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Bolt securing system slashes costs and increases safety

During the past decade it has become extremely important to optimise all aspects of product design. Competition is tougher than ever and steel costs have skyrocketed. For economic reasons each component must be utilised to its maximum capacity. Bolted joints became the centre of attention after recent findings that they are often used to as little as 30 per cent of their capacity.


Moreover, a failed critical bolted joint could lead to expensive warranty claims or maintenance costs. Control of the clamp load in a bolted joint is vital. However, when faced with a problem joint, it is not surprising that the design engineer will not have an answer if asked about the clamp load. Torque calculations must always be based on the existing conditions that often are very vague. Unless all parameters are correct, the calculation will be unreliable. Examples of parameters are:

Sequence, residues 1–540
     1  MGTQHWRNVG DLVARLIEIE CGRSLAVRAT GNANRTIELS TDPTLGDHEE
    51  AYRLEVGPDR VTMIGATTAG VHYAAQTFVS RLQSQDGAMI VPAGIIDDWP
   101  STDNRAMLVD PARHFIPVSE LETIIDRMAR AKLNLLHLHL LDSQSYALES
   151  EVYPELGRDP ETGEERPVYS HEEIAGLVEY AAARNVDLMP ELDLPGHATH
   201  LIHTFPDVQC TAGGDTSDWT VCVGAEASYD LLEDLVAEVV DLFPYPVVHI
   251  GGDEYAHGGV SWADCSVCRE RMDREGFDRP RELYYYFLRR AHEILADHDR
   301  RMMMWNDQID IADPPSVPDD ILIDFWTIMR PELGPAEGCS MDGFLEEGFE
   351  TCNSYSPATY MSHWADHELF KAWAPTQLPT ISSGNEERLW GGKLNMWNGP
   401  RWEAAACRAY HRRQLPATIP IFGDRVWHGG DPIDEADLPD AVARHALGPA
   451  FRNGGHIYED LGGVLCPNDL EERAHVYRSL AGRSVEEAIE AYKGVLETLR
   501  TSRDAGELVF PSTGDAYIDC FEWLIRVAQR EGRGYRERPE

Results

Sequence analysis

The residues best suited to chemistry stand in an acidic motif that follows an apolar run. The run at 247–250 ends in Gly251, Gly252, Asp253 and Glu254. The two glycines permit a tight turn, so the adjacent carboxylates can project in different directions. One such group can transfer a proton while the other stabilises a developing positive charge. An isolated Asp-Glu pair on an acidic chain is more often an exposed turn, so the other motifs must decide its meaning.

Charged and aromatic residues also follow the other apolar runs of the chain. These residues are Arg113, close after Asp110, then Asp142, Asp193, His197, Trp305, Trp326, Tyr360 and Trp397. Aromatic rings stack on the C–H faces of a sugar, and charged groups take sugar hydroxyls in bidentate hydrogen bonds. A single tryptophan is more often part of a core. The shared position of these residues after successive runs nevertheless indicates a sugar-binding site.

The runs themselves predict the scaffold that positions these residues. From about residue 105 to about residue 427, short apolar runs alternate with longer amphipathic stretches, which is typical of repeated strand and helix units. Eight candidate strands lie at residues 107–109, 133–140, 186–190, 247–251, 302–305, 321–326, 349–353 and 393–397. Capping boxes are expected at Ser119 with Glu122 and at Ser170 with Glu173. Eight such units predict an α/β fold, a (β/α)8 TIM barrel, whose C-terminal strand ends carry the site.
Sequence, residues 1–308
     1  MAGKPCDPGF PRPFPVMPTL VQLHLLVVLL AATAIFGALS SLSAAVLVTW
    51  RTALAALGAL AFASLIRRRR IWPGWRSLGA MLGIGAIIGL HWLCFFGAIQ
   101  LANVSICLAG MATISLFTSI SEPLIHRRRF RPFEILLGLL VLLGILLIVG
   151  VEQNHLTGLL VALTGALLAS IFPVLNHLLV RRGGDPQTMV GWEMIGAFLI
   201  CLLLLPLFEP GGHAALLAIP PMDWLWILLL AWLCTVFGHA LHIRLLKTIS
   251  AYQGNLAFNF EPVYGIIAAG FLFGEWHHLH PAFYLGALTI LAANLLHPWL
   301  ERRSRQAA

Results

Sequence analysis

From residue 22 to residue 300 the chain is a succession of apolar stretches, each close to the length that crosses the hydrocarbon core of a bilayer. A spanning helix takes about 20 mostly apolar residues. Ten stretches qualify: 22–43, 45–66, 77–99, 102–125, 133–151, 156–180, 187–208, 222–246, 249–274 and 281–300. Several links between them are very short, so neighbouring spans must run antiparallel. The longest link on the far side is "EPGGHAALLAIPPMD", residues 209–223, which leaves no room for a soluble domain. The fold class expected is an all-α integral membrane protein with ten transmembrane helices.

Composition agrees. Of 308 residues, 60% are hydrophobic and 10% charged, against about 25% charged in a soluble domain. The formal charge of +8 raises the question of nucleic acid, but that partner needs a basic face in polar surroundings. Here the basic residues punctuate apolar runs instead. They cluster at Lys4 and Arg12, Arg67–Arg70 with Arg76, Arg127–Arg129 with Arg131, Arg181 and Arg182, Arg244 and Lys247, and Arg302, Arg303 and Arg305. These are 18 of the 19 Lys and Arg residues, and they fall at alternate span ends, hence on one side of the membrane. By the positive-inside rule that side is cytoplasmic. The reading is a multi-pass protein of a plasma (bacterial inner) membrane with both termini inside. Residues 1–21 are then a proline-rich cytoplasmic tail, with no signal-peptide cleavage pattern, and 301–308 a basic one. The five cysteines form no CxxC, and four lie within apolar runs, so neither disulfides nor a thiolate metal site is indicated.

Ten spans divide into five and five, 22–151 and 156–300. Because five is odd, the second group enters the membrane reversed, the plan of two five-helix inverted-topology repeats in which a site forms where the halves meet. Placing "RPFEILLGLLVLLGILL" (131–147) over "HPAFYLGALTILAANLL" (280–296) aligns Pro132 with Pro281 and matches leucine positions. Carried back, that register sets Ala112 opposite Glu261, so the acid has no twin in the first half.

• Thread condition of the fasteners
  • Hardness of contact surface
  • Material (steel, aluminium, copper, etc.)
  • Extra friction from a locking fastener
  • Extra friction from an adhesive
  • Lubricant on the thread
  • Type of bolt head (flanged, regular or serrated)
  • Surface coating of the bolt
  • New or reused fastener


Major automotive companies test incoming fastener batches on the actual material of any specific bolted joint to obtain the torque/load relationship and its deviation. Their engineers therefore know the clamp loads in the joints. However, smaller and

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